US5195820A - Fireplace with simulated flames - Google Patents

Fireplace with simulated flames Download PDF

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Publication number
US5195820A
US5195820A US07822969 US82296992A US5195820A US 5195820 A US5195820 A US 5195820A US 07822969 US07822969 US 07822969 US 82296992 A US82296992 A US 82296992A US 5195820 A US5195820 A US 5195820A
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US
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Grant
Patent type
Prior art keywords
firebox
fireplace
housing
assembly
panel
Prior art date
Legal status (The legal status is an assumption and is not a legal conclusion. Google has not performed a legal analysis and makes no representation as to the accuracy of the status listed.)
Expired - Fee Related
Application number
US07822969
Inventor
Thomas R. Rehberg
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SUPERIOR FIREPLACE Co
Original Assignee
SUPERIOR FIREPLACE Co
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Filing date
Publication date
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    • FMECHANICAL ENGINEERING; LIGHTING; HEATING; WEAPONS; BLASTING
    • F24HEATING; RANGES; VENTILATING
    • F24BDOMESTIC STOVES OR RANGES FOR SOLID FUELS
    • F24B1/00Stoves or ranges
    • F24B1/18Stoves with open fires, e.g. fireplaces
    • F24B1/1808Simulated fireplaces

Abstract

A simulated-flame fireplace having a housing with a firebox which can be viewed through a transparent front door panel. A translucent simulated ember bed rests on the floor of the firebox, and a log-supporting andiron rests on the ember bed. A video-image projector is mounted on the housing to project an image of an actual wood fire into the firebox. A beam-splitting transparent and partial reflecting panel is supported within the firebox to reflect the flame image toward a viewer, and to enable direct viewing of the firebox interior. The projection and beam splitter are oriented to create a viewer-perceived illusion of the flame image as superimposed on the logs as in an actual log-burning fireplace. The illusion may be enhanced by the addition of audio reproduction of fire sounds, and variable-intensity lighting of the firebox walls and ember bed.

Description

BACKGROUND OF THE INVENTION

The original primary purpose of a log-burning fireplace was to heat a room, but now of at least equal importance is the charm and ambiance provided by the appearance and sound of a log fire. It is for this reason that a fireplace is still a highly desired fixture in both residential and public spaces which are already comfortably heated by modern air conditioning.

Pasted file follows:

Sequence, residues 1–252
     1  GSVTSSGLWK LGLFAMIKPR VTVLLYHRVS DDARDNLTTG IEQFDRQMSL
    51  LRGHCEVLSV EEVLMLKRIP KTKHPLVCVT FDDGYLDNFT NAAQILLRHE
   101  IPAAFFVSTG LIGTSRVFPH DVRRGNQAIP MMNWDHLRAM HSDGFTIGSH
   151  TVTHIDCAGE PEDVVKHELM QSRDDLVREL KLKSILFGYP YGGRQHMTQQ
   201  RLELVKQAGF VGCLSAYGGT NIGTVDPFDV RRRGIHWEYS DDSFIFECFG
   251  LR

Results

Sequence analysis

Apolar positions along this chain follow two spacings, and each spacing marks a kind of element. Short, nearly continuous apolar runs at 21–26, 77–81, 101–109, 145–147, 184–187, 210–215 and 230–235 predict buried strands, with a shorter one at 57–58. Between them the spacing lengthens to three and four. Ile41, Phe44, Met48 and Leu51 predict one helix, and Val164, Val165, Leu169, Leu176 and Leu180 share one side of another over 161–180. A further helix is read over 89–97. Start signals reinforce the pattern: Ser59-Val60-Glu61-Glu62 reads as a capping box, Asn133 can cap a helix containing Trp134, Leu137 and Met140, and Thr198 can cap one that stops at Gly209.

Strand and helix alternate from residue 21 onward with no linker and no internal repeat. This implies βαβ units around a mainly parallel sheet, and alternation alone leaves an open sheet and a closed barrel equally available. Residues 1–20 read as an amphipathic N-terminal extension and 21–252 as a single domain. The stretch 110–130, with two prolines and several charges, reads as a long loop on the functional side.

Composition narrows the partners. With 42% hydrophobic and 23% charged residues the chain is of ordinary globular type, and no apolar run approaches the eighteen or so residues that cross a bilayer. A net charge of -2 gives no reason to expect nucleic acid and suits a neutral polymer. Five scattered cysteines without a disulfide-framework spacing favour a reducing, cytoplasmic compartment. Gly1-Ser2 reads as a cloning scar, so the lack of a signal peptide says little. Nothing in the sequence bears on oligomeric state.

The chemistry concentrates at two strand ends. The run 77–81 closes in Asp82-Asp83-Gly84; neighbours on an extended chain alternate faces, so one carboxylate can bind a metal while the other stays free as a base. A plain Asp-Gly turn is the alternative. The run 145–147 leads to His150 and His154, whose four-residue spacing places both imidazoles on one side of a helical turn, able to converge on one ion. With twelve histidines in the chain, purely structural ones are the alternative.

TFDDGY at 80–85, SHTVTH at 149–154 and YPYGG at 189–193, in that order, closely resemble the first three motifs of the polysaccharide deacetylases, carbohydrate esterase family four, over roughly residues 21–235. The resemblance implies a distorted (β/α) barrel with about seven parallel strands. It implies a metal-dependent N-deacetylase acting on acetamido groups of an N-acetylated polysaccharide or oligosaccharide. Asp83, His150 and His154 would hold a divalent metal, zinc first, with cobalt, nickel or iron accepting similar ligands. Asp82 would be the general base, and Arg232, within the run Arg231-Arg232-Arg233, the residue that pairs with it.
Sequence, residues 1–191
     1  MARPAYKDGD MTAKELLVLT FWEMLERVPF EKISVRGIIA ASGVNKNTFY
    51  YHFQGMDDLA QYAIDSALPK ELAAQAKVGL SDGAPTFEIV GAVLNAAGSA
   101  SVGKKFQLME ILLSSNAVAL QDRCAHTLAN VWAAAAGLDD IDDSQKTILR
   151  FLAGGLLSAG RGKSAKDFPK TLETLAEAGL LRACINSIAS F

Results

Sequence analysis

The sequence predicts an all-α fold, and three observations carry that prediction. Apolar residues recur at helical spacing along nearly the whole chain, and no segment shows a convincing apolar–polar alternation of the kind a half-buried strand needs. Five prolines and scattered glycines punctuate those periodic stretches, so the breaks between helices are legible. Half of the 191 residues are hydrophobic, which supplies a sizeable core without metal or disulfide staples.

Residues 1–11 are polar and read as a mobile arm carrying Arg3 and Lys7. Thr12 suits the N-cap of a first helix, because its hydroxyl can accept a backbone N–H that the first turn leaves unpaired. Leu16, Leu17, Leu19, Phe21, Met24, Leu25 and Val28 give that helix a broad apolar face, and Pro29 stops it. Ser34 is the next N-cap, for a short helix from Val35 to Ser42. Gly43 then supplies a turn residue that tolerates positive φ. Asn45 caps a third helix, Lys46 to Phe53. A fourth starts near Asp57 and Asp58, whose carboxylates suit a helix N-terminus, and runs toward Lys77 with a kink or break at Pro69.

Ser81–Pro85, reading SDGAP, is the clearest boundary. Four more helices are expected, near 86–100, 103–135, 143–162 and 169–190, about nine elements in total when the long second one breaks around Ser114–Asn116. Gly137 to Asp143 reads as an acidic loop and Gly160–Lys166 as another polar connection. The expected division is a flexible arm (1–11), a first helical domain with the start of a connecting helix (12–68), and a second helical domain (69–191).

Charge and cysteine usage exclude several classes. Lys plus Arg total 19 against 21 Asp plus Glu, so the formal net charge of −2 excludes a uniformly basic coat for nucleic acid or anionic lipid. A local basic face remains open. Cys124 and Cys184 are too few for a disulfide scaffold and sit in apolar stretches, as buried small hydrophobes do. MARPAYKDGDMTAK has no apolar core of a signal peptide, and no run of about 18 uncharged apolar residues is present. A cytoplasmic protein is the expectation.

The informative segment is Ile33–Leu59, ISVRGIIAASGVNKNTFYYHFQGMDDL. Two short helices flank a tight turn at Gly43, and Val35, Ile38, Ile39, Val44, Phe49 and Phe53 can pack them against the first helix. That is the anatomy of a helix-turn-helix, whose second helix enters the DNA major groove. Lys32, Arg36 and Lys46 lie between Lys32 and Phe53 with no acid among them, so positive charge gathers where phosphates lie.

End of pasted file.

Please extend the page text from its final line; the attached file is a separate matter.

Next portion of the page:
There are many situations in which a fireplace would be desirable to enhance the appearance of a space, but where a conventional installation is not possible or practical due to cost, safety or building-regulation considerations. A conventional fireplace of course requires a flue or chimney to exhaust smoke and combustion products from the burning logs to the outdoors. It is usually impractical or excessively expensive to add a chimney to a completed structure such as a premium hotel room, or to a open lobby space in which a flue would be unattractive.

The presence of an open flame in certain kinds of enclosed spaces may also be unacceptable from a safety standpoint. It is for this reason that conventional fireplaces are not found in aircraft and boats, or in areas where unattended children may be present. It would be desirable to provide a safe "cold" fireplace for applications of that types just described, and it is to this objective that the present invention is directed.

The invention in part utilizes projected-image technology disclosed in U.S. Pat. No. 4,738,522--Lunde et al., and assigned to Technifex. For brevity, the disclosure of the patent is incorporated herein by reference.

SUMMARY OF THE INVENTION

This invention relates to a simulated-flame fireplace assembly having a housing which surrounds a simulated firebox having a front wall with a transparent glass panel. Supported on a simulated ember bed on the floor of the firebox is an andiron which holds a set of simulated wood logs. A TV-monitor video projector is mounted on the top of the housing with an image screen positioned at the top of the firebox, and is driven by a video-image storage and reproducing system such as a video-tape or high-definition laser-disk machine. Stored on the disk is a dynamic image of a flame of an actual fireplace as recorded over a period of say twenty or thirty minutes.